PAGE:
One very special thing about TCB: Parents can open accounts for their kids. Then the kids can go into the bookstore any old time and choose their own books. Which brings us to the other special services we love about TCB—and there are a lot of them, including treats for your dog.

1. The most important service is the staff itself: dedicated readers themselves, they guide and recommend with—in my experience—complete reliability. They’ve helped me pick out perfect birthday gifts for friends and relatives when I didn’t have the slightest idea what to choose. Describe the giftee, and the right book is forthcoming. Same thing works if it’s you buying for you. In fact, some customers have go-to staff members who know them and recommend regularly for them.IMG_0592

2. Once you decide on a gift book, TCB will wrap it (lots of paper options, including seasonal ones, plus a gift card and a TCB bookmark tucked into the book) and either deliver it if the giftee lives in the designated area or send it by UPS. Fast.

3. Of course you can have your own account at TCB (I do) and call in any order you like or browse and put your new books right onto your account. But even if you haven’t gotten around to setting up an account, you can still call in and order whatever you need.

4. Want a book TCB doesn’t happen to have? They’ll special-order it for you, and you’ll usually have it within a couple of days. Even oddball things like poetry from small presses or out-of-print books. They’ll go the distance for you.

5. They make gift baskets. I dream of a gift basket full of books. Forget jams and cheeses: books!

6. But for my birthday this year I received the next-best thing: a gift certificate from TCB.

7. TCB holds lots of book events, sometimes a few per week, sometimes a few per month. Readings, interviews, conversations—it’s all about local authors: New-York-based writers and their friends. Ex-New-Yorkers with a lot of New York friends are big draws too. Recently the entire Girl Group went to the launch of member Geralyn Lucas’s new book Then Came Life, at The Corner Bookstore. (It was spectacularly attended, with food produced by former GG member Ngan Nguyen.)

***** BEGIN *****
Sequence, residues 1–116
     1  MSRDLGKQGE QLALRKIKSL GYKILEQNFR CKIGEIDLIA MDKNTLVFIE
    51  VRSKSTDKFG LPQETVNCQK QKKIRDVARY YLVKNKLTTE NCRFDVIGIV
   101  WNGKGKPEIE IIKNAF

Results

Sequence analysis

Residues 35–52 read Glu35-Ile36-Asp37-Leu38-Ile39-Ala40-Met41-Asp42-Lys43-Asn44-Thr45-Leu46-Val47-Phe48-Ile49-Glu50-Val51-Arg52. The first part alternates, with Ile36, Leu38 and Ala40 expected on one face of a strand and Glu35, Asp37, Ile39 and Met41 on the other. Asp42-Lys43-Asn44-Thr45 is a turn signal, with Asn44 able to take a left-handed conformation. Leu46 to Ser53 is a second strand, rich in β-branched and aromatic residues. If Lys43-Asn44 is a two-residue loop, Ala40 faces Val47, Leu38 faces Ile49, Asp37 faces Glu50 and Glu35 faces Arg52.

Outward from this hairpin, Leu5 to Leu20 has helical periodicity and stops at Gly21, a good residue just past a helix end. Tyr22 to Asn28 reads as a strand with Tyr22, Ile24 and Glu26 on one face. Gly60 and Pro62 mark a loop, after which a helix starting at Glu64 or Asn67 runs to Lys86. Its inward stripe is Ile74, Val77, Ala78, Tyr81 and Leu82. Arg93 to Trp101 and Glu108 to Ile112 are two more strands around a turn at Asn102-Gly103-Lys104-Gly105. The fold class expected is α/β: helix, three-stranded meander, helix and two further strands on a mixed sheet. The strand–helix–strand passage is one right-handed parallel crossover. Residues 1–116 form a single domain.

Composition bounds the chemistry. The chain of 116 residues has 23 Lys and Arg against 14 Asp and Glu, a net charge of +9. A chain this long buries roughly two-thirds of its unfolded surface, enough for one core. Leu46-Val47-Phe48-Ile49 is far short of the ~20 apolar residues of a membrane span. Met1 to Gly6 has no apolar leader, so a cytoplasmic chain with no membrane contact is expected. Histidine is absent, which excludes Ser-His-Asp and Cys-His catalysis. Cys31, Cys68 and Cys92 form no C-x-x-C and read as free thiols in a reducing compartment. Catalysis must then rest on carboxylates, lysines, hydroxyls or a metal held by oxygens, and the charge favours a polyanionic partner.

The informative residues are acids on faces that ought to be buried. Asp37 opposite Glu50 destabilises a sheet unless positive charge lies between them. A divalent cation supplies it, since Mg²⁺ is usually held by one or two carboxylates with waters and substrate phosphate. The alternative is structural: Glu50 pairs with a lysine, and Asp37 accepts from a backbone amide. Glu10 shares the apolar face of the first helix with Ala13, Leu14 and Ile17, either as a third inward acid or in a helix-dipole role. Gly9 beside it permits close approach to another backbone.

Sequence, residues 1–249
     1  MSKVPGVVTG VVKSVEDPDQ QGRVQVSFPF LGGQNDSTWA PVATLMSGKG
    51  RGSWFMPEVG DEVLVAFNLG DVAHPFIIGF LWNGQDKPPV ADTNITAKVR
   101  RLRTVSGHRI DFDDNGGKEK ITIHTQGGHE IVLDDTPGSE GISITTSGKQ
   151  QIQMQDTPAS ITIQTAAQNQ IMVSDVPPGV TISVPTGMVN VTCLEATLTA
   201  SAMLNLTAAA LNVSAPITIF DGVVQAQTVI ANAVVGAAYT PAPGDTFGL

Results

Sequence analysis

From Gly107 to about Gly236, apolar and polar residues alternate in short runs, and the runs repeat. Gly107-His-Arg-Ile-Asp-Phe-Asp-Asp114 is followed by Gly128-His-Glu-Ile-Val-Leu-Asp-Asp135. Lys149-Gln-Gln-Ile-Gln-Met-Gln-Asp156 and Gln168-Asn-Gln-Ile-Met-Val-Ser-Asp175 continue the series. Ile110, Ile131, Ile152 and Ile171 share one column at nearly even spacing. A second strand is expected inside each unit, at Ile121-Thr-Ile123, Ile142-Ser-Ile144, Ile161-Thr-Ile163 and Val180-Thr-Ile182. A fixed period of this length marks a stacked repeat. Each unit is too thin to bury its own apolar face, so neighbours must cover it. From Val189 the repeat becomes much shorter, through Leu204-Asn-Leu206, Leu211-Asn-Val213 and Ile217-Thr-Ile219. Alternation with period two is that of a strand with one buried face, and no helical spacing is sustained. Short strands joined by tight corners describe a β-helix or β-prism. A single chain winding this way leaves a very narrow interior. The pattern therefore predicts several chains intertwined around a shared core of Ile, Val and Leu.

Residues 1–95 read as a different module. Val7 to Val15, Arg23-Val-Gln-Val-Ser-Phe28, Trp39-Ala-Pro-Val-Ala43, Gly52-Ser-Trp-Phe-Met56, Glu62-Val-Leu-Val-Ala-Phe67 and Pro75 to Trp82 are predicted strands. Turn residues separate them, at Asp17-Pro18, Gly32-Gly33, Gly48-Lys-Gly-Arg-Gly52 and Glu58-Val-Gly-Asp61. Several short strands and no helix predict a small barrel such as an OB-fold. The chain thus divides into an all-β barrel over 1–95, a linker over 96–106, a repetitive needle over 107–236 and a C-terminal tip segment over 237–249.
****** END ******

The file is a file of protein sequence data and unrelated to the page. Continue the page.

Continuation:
TCB also handles the book sales when The New York Society Library does a book event, which makes life easier for the library and is very good for the authors who speak there.

Chris is the long-time manager of The Corner Bookstore, and he says, “Twenty-six years at the bookstore and I still want to get out of bed and go to work.” That’s saying a lot.

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SIDEBAR: I regret the need to mention this—I wish you’d simply trust me—but it’s better to be perfectly clear: The Corner Bookstore had nothing to do with my writing this post. They didn’t ask me to do it or pay me to do it or reward me for doing it. They’re innocent; I’m guilty—of loving my local indie, wanting to share it with you, and hoping you’ll support your local independent bookstore.

DON’T MISS THIS: There’s a great article on the website of an indie called Rainy Day Books, in Fairway, KS. It’s “Why Shop Indie?” Just in case you need to know more.


FYI / Independent Bookstores from Coast to Coast

Water Street Bookstore, Exeter, NH

Montana Book & Toy Co., Helena, MT

Fountain Bookstore, Richmond, VA




Today is my mother’s 92nd birthday; our family has a flock of girl-birthdays in October, which is one reason I’m going to Oregon in about forty-eight hours—to be with the other birthday celebrants.